One of the first things many anarcho-capitalists and right-libertarians say when they come across people who claim not to own themselves is to ask questions like ‘do you control your body?’ In doing so they seem to believe that if you answer yes then you believe in self-ownership and that if you answer no then you do not believe in self-ownership and so believe that people should be free to do whatever they want to others, such as murdering or raping. The idea being that any sensible person will accept self-ownership since they don’t want their beliefs to entail that immoral actions are permissible. Both of these claims are false.
Before I explain why I must first define self-ownership. Rothbard defines self-ownership most clearly as “the absolute right of each man, by virtue of his (or her) being a human being, to “own” his or her own body; that is, to control that body free of coercive interference.” For Rothbard “man has rights because they are natural rights.” A natural right is a right that an individual possesses irrespective of the right being enforced, recognised or there even being any mechanism of right enforcement. Thus to say that a person owns themselves is to say that they possess a natural right to exclusively control and hence own their body as property and in virtue of this ownership have a right to be free from coercion.
I shall now explain why both claims are false. The first claim is false because control and just ownership are distinct things. For example, the fact that a thief controls a bicycle does not negate the fact that someone else owns the bike. This is because ownership is not determined exclusively by control but also by individuals having the normative right to control. In the case of the thief, she cannot claim to own the bike not because she does not control the bike but because she lacks the normative right to do so. It is therefore not sufficient in an argument for ownership to merely point to the fact that a particular individual controls their body. One must offer arguments for why people ought to control their body and specifically for advocates of self-ownership, why people possess the natural right to control their body. Another reason why it does not follow from the fact that people do control their bodies that they ought to control their bodies is that to make this claim is to invalidly infer an ought from an is. Thus, one can quite consistently claim that one controls their body while nonetheless believing that they don’t possess a right to exclusively use and control it.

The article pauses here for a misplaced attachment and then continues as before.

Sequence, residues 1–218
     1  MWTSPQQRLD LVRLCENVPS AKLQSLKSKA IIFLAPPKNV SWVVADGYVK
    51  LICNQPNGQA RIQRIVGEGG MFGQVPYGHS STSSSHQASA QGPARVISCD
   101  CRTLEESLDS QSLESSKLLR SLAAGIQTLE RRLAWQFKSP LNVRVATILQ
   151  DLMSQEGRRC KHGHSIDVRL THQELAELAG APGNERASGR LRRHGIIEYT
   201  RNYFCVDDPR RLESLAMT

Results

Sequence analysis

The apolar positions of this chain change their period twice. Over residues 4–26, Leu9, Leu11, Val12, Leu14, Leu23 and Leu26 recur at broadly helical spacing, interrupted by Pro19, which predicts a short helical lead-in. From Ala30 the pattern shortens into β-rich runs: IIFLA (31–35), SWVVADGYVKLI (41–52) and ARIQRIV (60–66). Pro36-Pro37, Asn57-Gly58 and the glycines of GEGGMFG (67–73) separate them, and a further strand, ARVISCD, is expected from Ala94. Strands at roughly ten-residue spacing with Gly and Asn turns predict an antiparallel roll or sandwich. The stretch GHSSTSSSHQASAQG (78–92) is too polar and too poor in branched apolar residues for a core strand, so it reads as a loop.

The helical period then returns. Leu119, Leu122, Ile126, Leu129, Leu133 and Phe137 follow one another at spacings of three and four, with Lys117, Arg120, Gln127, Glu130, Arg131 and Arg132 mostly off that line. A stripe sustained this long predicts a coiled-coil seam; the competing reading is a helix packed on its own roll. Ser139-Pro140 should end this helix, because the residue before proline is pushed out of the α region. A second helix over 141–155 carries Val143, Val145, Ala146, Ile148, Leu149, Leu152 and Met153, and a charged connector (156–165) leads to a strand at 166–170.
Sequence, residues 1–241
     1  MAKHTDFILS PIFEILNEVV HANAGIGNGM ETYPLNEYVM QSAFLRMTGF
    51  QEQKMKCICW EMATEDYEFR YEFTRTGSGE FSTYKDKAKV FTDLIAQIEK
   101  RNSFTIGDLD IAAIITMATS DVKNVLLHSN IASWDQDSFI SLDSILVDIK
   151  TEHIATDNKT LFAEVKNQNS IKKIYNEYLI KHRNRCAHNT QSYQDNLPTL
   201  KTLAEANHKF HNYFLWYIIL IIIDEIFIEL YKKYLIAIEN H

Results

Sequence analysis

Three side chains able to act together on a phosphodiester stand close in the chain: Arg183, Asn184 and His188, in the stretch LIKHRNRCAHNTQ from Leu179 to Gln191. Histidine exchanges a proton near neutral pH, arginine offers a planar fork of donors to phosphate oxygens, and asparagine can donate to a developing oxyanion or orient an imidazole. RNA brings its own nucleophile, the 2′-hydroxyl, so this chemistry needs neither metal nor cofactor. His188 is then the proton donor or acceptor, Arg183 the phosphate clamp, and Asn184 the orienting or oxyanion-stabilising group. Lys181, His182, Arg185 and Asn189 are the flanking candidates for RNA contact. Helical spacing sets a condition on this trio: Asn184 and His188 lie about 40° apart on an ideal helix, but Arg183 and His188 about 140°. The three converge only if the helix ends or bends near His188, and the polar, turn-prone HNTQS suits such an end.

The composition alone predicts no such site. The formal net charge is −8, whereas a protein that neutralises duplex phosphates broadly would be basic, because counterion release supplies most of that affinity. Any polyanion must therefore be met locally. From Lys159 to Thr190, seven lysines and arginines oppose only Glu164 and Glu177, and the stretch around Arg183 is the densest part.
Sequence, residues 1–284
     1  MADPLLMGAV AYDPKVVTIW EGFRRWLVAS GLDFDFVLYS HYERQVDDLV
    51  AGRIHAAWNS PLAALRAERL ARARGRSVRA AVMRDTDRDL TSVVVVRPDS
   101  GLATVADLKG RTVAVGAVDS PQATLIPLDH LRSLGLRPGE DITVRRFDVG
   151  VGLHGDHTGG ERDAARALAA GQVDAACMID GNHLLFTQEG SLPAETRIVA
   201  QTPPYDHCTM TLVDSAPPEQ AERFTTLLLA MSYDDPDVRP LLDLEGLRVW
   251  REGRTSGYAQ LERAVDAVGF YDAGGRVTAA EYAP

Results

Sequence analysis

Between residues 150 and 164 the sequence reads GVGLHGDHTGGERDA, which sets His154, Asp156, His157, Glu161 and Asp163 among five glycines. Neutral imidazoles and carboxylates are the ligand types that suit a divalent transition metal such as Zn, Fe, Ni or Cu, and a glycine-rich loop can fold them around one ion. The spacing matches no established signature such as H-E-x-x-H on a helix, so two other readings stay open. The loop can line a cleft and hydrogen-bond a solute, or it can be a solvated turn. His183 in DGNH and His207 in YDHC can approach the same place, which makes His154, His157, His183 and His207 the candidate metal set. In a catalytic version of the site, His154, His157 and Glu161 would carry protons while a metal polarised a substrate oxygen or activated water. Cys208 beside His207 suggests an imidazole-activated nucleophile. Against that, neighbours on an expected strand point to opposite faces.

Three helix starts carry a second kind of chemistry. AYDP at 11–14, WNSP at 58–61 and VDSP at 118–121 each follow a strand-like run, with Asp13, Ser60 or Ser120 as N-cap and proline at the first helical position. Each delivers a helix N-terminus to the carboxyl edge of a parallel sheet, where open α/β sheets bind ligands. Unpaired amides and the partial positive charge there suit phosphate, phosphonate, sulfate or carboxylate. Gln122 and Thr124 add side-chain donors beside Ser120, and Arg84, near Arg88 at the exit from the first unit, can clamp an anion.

From this it follows that if by self-ownership we mean being able to control one’s body then self-ownership can no longer be used to argue for anarcho-capitalism and right-libertarianism. This is because a conservative could easily concede that people control their bodies while nonetheless insisting that the state ought to prevent people from engaging in homosexual acts, or a social democratic could concede that people control their bodies while arguing that private companies ought to be regulated by the state. It is because of this that anarcho-capitalists and right-libertarians must make sure to not conflate the ‘is’ of bodily control with the ‘ought’ of self-ownership.
The second claim is false for two reasons. The first reason is that it does not follow from the fact that people do not possess free will that people are morally insignificant and that there are no reasons not to interfere with other people. I shall demonstrate this with an analogy. It is arguable the case that sheep do not possess free will, but it does not follow from this alone that there are no reasons why people ought not to harm sheep. Since even though the sheep does not possess free will it can still suffer and this fact gives us reason to believe that sheep are morally significant in a way that a non living object such as a sock isn’t. Likewise, humans remain morally significant even if they do not possess free will, as they can still suffer and have their preferences violated. Given the moral significance of people, one could argue that people ought not to be interfered with, providing that they do not coerce others, because this has good consequences, such as people not suffering as a result of being coerced. The second reason is that that there is no contradiction between rejecting free will and accepting a very similar claim to self-ownership. One can argue that while it is true that people do not control their bodies people nonetheless possess a natural right to not be coerced because such a natural right does not rest on the truth of free will. Therefore, one can argue from a natural rights perspective and from a consequentialist perspective that people ought not to interfere with one another even if it is not the case that they freely control their bodies.
In summary, asking the question ‘do you control your body?’ is not an effective means of arguing for self-ownership because the answer yes entails control not self-ownership and the answer no does not entail that people should be free to do whatever they want.